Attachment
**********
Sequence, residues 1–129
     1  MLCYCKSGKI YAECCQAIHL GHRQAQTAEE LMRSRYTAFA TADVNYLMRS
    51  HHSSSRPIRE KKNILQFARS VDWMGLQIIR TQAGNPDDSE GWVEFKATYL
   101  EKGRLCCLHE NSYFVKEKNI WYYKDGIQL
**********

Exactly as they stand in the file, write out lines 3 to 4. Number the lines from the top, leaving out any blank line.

    51  HHSSSRPIRE KKNILQFARS VDWMGLQIIR TQAGNPDDSE GWVEFKATYL
   101  EKGRLCCLHE NSYFVKEKNI WYYKDGIQL